The trials that plagued the release of Wilco's acclaimed Yankee Hotel Foxtrot should be familiar to anyone who has picked up a magazine in the past year; the troubles that went along with documenting this ordeal may be somewhat less apparent. Rookie filmmaker Sam Jones has handled setbacks admirably, and the proof, \I Am Trying To Break Your Heart,"" opens tonight in Madison at the Orpheum Theatre, 216 State St.
Jones could have had no conception of the drama he would encounter when he set out to film the creation of Wilco's fourth album'what might have been a linear progression was thrown wildly off course by Reprise Records' decision to drop Wilco and a terminal falling out between singer/songwriter Jeff Tweedy and multi-instrumentalist Jay Bennett. Despite this, ""I Am Trying"" plays smoothly and logically, from the opening scene of Tweedy's nicotine-fueled commute to rehearsal to the final meeting with record execs at the new label. Jones manages to stay sufficiently in the woodwork, allowing Wilco to go about their composing, arguing and chainsmoking unmolested'which lets everyone involved come off either as clever or as cloying as they ostensibly would be in real life.
Tweedy, a man who always seems to be on the brink of emotional collapse in his songs, is a bit cheerier on the big screen. Whether he's making a cigarette-smoking puppet out of his navel or politely running away from clueless middle-aged fanboys, he's an excellent straight man in bizarre circumstances. ""I Am Trying"" is unapologetically sympathetic to him at all times, but it's a safe bet that most Wilco fans are, too and would hardly tolerate a film that wasn't. Jones' movie is strong enough to interest anyone who cares about music or filmmaking, but it's the Wilco diehards who will be lining up hours ahead of time, anxious to see what makes Tweedy's voice crack just so.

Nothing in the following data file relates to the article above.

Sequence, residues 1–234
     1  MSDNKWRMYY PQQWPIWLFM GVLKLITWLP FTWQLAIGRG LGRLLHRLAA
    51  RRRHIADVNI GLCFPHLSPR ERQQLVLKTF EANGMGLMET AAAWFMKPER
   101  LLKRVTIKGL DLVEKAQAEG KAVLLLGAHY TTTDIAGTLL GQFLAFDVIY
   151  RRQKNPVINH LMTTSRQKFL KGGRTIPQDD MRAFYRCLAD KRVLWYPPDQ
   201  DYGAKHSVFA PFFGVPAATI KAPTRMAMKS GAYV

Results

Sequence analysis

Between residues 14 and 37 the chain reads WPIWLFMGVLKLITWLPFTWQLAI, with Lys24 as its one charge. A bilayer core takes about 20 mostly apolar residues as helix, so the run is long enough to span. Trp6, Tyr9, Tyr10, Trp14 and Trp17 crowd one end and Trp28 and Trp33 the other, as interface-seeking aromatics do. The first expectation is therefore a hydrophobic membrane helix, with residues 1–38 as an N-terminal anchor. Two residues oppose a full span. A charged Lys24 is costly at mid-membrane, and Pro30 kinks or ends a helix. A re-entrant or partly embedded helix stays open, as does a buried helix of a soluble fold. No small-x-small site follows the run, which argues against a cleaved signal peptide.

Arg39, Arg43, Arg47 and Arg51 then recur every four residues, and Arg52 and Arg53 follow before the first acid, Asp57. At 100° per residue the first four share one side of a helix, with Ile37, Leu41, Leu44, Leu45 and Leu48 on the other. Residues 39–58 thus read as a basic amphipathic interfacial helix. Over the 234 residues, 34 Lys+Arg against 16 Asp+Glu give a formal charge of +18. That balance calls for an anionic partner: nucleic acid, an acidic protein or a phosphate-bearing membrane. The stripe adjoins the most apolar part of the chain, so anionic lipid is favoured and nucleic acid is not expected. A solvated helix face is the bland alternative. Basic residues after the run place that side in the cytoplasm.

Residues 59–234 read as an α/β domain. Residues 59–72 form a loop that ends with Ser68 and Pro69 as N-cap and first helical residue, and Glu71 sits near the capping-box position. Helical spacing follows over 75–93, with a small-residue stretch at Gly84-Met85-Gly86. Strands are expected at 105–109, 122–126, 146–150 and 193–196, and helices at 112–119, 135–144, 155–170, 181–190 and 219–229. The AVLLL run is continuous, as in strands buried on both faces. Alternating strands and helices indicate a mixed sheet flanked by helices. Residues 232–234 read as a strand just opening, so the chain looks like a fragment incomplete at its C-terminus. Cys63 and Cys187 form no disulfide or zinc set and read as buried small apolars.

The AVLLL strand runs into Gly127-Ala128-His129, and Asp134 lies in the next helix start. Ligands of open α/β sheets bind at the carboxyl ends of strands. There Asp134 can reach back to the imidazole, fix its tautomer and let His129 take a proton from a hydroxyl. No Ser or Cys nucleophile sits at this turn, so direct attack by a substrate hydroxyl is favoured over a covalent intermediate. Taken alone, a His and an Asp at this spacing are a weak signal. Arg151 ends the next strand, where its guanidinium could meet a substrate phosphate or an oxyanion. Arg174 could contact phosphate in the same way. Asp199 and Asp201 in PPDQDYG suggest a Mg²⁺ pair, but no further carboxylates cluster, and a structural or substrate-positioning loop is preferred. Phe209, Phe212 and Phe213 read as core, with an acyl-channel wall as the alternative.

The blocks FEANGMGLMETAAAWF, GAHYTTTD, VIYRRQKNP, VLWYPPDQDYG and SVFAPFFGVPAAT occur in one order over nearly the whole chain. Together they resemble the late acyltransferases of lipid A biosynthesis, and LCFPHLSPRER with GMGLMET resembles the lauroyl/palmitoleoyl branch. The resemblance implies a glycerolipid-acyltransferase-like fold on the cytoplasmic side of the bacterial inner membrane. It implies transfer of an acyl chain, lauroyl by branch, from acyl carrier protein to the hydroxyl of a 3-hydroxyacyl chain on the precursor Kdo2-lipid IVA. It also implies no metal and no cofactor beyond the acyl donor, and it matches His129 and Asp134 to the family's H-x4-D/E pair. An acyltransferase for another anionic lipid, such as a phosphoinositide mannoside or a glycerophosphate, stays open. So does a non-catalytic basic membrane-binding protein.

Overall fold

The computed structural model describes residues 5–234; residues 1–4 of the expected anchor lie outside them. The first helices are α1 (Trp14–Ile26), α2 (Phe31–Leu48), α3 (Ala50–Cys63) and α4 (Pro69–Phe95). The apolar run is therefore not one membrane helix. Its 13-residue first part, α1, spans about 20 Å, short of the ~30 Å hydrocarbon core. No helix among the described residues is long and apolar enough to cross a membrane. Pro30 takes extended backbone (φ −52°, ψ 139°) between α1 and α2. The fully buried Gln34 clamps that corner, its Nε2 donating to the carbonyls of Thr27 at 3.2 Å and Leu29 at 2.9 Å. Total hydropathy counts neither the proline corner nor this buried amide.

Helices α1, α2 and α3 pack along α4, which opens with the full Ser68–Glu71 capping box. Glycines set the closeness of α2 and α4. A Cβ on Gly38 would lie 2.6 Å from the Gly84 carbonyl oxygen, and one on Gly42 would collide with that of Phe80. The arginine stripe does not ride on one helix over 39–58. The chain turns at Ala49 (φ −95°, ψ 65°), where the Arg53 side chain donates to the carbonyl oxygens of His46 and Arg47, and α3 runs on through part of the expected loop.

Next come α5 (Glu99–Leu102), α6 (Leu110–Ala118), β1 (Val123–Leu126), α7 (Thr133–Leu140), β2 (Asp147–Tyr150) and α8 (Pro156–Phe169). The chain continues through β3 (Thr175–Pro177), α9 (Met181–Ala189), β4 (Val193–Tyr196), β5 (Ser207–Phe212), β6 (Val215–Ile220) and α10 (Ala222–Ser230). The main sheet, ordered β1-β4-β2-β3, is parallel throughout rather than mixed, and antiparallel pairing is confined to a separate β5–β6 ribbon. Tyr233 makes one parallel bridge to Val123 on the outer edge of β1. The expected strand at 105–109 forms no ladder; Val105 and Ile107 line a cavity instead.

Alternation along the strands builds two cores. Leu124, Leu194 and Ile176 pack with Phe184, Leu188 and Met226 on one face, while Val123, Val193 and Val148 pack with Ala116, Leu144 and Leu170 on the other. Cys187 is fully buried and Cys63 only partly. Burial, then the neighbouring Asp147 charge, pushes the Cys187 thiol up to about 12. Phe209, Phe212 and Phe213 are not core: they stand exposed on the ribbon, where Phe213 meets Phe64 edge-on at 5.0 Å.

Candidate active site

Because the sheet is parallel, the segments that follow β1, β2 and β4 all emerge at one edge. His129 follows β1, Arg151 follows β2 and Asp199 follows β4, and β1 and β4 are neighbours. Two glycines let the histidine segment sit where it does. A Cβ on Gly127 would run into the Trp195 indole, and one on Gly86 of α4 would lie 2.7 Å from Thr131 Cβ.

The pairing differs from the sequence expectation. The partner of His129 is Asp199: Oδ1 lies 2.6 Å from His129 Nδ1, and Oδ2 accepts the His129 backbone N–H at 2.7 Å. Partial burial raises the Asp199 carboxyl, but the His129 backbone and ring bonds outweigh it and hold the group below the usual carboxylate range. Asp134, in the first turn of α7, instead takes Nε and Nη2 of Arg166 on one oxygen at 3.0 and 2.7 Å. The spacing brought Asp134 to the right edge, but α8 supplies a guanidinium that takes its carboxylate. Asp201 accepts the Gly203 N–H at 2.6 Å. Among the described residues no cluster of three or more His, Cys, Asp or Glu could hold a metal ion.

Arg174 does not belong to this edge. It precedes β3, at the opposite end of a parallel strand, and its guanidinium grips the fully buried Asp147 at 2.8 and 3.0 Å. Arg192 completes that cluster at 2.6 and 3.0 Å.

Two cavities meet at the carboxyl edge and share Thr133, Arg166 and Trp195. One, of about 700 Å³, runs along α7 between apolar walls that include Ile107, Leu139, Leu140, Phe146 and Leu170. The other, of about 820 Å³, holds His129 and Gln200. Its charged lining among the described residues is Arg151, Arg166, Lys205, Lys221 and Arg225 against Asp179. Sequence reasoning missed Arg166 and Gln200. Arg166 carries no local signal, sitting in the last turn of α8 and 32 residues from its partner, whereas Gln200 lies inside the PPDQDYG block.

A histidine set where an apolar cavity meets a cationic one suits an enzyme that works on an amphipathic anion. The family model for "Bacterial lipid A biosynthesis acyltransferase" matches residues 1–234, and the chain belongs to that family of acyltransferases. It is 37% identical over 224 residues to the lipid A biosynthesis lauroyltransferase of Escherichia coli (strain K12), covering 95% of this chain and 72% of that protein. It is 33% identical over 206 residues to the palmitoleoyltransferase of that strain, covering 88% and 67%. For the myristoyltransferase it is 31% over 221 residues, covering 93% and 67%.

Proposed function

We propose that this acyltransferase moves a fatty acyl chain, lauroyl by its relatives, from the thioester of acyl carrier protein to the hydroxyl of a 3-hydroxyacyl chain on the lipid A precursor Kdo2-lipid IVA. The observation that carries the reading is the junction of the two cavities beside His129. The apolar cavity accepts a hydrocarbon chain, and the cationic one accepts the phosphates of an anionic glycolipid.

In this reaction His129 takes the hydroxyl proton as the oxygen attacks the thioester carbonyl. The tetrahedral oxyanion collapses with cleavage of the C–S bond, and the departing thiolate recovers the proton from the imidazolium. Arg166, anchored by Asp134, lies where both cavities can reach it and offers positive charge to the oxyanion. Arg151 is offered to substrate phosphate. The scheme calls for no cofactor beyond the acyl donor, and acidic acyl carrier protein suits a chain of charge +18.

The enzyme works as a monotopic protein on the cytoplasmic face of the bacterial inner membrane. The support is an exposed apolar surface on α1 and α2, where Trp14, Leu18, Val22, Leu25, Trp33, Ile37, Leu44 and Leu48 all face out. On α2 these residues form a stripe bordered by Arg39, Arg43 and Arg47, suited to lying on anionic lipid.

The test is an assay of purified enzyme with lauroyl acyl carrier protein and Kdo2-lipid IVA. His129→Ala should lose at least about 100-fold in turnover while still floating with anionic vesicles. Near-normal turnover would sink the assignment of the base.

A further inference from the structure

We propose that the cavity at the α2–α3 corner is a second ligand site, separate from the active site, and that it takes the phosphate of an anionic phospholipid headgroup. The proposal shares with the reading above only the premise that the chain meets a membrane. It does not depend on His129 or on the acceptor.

Shot in a beautifully grainy black and white, ""I Am Trying"" is destined to be forever compared to D.H. Pennebaker's seminal Bob Dylan travelogue, ""Don't Look Back."" Jones keeps the movie from being a concert film by borrowing a number of Pennebaker's tricks, including spreading musical performances throughout a number of scenes, as varied as a band field trip to Lake Michigan to a shot of Tweedy vomiting from migraine-induced stress.
This performance footage lags a bit toward the end, where it's heavy on live sets of Being There-era songs, which just can't compare to the more exciting early rehearsals for YHF. That said, there are enough alternate takes and unreleased songs to justify a quality soundtrack album or, at least, a DVD release and a good set of headphones.
Those familiar with YHF are likely to get a lot more out of ""I Am Trying"" than anyone else'the film is a much better window into a band than it is a tale of artistic integrity versus corporate ineptitude. Of course, portraying Wilco was what Jones meant to accomplish. He has, masterfully, as ""I Am Trying"" gives a deservedly excellent treatment to a much-loved American band.